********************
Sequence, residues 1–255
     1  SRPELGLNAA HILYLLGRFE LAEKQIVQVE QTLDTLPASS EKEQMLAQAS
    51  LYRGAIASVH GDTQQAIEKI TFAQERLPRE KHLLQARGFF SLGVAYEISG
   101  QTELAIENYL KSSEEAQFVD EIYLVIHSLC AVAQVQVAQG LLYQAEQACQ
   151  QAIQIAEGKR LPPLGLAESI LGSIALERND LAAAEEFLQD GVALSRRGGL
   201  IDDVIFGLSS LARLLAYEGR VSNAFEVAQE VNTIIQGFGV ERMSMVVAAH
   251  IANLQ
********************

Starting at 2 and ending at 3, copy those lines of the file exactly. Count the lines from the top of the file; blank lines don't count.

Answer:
     1  SRPELGLNAA HILYLLGRFE LAEKQIVQVE QTLDTLPASS EKEQMLAQAS
    51  LYRGAIASVH GDTQQAIEKI TFAQERLPRE KHLLQARGFF SLGVAYEISG